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  2. Oh, I clicked on your link to the Renaissance Faire. No wonder you the sales were lousy. By the time you paid to get in, how could you afford to buy anything from the vendors! It always gets me when the admission is so high that a family really cannot afford to go and them to buy anything. I know of the places were trying to keep out the rif-raff (you the kind I am talking about), but they price out the common people, too.
    Paintedmoose

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  3. patrice, i absolutely adore the push cart..just what i and my partner need for those hot hot festivals here in mississippi. sorry sales were so poor at the faire...it is the same everywhere this year for us and we sell bird houses and quilts/quilted items for the home/kitchen. if our business slows any more i am thinking of just posting a sign at the mailbox.

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  4. We have those awful yellow jackets, too. I call them "Labor Day Bees" because around here, that's when they turn ornery.

    Only got stung once this year so far. I felt a tickle on my neck, investigated and discovered the intruder. I threw him on the floor and then I felt the the sting rise up. That little so-and-so had already gotten me! STOMP!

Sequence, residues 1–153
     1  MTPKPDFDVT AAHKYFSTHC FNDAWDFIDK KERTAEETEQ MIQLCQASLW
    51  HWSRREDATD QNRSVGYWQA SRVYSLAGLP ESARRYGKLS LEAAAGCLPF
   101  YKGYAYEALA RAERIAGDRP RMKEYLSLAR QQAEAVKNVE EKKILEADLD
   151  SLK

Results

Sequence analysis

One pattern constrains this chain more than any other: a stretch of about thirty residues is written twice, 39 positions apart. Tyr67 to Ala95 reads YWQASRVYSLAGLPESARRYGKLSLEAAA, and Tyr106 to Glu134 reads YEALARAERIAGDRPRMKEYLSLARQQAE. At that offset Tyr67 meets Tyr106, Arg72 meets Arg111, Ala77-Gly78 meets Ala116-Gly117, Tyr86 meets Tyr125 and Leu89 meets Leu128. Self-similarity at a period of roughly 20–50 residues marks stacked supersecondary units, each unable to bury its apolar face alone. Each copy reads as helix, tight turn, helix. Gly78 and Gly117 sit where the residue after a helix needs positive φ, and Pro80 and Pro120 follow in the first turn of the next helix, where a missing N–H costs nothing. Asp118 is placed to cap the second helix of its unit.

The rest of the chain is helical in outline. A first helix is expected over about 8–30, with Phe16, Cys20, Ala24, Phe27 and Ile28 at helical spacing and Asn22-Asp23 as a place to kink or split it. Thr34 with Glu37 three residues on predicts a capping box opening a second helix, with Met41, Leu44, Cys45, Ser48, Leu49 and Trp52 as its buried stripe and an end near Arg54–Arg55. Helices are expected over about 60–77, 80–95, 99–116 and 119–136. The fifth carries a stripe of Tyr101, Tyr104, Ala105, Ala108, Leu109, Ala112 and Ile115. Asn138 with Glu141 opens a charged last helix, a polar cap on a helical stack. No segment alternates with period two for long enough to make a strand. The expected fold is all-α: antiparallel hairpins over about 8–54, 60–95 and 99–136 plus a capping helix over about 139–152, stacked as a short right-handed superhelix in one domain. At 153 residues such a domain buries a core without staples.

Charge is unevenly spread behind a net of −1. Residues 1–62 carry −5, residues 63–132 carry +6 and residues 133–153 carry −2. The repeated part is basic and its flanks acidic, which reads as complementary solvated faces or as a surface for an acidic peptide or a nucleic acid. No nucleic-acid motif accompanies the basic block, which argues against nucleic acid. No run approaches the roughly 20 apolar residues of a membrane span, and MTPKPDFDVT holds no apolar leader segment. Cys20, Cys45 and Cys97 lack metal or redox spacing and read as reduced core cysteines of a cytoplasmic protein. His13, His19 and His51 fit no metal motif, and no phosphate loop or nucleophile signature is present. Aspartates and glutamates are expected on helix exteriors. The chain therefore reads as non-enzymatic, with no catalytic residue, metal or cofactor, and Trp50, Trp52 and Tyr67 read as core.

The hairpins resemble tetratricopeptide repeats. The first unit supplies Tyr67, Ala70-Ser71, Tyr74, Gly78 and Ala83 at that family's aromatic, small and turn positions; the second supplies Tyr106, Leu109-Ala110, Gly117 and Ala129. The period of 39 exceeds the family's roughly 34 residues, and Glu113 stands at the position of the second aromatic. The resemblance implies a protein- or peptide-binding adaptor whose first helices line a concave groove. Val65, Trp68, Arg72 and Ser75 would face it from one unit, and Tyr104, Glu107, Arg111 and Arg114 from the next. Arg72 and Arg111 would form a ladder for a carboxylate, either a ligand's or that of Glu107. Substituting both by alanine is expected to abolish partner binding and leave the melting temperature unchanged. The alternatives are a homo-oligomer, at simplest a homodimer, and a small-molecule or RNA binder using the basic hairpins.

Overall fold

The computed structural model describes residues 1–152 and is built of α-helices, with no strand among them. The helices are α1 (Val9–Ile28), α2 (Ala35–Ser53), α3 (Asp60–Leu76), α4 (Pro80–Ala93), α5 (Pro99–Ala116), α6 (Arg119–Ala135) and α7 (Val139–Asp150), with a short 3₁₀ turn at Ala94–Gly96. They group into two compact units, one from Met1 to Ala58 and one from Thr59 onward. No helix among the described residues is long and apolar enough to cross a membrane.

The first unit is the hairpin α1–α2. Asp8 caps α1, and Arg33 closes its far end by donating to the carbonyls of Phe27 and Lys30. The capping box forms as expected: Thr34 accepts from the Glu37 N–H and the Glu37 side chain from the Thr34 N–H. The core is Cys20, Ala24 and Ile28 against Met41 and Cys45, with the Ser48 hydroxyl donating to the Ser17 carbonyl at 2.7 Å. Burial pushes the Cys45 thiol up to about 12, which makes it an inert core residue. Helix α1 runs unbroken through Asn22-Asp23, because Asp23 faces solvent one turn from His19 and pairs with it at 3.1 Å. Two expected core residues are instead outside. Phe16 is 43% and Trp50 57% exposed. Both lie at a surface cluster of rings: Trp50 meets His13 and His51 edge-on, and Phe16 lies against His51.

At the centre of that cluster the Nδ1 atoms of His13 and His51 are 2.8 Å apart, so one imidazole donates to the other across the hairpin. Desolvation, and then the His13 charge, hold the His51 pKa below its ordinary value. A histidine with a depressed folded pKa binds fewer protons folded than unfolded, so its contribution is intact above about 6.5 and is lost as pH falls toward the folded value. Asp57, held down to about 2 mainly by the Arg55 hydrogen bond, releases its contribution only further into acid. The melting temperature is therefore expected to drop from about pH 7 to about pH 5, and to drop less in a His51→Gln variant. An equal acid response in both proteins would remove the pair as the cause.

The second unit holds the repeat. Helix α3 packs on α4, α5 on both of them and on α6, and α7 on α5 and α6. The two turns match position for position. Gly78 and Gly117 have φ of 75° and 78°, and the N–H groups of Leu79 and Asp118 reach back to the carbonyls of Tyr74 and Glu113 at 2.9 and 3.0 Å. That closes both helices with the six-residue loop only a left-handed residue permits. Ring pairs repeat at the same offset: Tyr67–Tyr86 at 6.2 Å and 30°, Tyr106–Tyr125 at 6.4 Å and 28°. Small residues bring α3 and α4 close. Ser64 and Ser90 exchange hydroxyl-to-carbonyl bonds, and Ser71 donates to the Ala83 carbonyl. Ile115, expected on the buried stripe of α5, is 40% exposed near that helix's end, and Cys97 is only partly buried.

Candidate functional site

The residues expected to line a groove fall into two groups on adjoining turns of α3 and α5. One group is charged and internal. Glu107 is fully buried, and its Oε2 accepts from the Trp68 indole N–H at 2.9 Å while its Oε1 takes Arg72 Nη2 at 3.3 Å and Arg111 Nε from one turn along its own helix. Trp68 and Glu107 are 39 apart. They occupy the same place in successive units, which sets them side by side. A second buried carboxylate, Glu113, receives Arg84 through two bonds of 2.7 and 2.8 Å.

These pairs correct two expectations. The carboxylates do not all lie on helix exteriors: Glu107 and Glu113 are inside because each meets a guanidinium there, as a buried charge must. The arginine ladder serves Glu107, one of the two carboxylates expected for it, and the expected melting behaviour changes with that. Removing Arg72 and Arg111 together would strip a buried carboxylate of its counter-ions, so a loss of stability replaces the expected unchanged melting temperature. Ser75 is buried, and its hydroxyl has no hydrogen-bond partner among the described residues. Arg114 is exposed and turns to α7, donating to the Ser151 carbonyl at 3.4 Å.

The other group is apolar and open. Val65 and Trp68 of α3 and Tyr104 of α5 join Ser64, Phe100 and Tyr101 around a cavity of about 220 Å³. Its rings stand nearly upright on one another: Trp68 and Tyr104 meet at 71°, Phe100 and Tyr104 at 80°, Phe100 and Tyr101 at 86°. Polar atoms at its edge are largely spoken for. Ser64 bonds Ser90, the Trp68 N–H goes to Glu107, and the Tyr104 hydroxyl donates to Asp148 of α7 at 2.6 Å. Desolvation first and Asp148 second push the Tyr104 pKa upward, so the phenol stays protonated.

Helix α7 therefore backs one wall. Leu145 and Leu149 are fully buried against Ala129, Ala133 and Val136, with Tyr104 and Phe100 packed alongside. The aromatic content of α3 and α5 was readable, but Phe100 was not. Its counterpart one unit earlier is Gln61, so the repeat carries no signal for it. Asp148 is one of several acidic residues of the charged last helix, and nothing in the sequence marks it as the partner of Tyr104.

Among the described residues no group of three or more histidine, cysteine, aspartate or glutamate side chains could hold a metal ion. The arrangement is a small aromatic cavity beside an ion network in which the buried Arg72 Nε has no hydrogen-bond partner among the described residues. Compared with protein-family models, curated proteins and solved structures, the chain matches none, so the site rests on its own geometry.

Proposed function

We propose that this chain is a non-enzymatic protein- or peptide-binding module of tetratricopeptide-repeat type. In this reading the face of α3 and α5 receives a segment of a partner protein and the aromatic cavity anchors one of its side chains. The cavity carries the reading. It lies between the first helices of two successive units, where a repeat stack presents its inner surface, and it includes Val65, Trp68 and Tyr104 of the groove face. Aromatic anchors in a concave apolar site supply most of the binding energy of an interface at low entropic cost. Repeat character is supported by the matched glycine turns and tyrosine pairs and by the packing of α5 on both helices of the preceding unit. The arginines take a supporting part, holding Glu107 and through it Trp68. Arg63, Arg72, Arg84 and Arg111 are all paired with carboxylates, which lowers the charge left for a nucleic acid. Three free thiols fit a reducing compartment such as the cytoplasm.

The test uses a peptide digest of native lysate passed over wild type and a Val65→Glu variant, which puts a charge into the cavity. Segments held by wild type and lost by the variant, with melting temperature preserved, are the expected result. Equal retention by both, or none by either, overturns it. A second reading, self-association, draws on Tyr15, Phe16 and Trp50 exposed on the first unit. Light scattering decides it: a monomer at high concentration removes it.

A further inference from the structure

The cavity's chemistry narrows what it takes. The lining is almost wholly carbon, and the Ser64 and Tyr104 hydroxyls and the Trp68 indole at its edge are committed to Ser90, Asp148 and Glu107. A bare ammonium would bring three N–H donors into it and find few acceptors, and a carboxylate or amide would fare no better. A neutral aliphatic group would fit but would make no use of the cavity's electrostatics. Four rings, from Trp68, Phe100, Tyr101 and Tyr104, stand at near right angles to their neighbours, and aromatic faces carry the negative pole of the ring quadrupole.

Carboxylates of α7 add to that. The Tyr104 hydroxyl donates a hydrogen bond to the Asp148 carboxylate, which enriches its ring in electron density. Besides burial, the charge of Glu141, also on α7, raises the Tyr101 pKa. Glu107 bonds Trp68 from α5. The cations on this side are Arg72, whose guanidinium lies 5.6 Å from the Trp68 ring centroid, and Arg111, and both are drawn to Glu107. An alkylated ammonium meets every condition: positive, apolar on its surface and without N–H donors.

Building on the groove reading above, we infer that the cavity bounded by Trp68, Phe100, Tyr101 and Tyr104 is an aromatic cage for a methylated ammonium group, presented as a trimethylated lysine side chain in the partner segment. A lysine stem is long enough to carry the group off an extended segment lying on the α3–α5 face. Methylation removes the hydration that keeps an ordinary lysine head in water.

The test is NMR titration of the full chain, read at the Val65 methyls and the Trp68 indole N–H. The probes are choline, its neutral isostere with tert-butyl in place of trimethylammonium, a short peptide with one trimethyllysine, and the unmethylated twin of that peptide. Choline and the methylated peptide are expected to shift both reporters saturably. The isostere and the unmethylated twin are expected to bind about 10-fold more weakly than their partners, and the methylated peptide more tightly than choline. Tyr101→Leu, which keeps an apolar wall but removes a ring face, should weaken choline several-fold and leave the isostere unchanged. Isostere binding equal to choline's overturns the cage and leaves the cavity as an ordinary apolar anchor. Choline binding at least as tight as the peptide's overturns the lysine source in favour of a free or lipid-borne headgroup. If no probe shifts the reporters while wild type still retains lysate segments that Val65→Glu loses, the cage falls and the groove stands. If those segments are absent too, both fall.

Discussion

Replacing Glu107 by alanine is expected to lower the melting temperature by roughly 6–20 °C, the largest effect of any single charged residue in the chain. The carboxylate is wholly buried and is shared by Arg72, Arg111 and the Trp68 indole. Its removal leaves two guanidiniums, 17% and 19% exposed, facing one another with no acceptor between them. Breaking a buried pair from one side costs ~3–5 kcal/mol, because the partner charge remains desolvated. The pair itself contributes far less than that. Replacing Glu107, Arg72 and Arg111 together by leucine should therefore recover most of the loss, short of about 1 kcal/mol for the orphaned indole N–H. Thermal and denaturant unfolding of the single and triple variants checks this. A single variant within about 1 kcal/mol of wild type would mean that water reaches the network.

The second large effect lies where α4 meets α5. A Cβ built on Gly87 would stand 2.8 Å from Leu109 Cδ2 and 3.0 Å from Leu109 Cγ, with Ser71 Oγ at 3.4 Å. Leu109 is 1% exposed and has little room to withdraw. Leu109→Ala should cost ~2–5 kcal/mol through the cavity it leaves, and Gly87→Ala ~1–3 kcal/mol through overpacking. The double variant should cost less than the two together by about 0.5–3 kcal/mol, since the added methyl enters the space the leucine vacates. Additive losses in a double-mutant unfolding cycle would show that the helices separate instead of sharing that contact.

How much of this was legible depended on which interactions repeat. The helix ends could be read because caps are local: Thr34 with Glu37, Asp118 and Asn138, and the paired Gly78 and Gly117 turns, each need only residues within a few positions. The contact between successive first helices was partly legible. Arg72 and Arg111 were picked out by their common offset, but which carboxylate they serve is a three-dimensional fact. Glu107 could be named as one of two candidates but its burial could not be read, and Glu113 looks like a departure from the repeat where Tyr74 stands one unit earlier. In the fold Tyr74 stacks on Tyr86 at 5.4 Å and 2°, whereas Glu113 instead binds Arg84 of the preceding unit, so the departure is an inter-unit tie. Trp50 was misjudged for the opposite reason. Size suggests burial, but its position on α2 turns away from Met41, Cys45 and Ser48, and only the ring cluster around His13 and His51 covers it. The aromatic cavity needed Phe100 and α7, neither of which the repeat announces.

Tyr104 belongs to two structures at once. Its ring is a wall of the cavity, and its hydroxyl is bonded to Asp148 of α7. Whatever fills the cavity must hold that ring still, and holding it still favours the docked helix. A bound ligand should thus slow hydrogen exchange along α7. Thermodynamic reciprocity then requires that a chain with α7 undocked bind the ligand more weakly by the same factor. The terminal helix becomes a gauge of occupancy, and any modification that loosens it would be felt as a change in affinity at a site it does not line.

Great photos.

    Just Me

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  5. You truly are blessed to love in a place of such beauty!
    (Though I count my own blessings also, for I get to see East Grand Traverse Bay from my front porch!)

    ...And by the way, Lydia is way too cute.

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  6. OH, and I almost forgot...Awesome cart!

    Just me

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  7. Very nice cart. Did Don work from plans or did he create it on his own? It would be interesting to know what kind of wood he used for the various parts.

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  8. Hi Patrice! Great pictures. I love the annoyed look on Lydia's face when something woke her up. My dogs give that look, too!

    That cart is too awesome! I saw one like that on the side of the street a few weeks ago selling produce and I fell in love with it. I kept looking online for pictures of one like it, so thanks! lol.

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  9. Patrice, it's fine to pick pears before they are fully ripe. In fact, it's often better to pick them and ripen them in a paper bag in a cool house or in the frig.

    Cut and paste this into your browser to read the details.
    http://extension.oregonstate.edu/gardening/node/413

    Anonymous Patriot
    USA

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  10. Looked like a chicken hawk to me, also known as a Cooper's Hawk...

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  11. You have such an artistic eye, Patrice. Your pictures are always wonderful!

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  12. .



    What, exactly, is Lydia's Job Description?



    .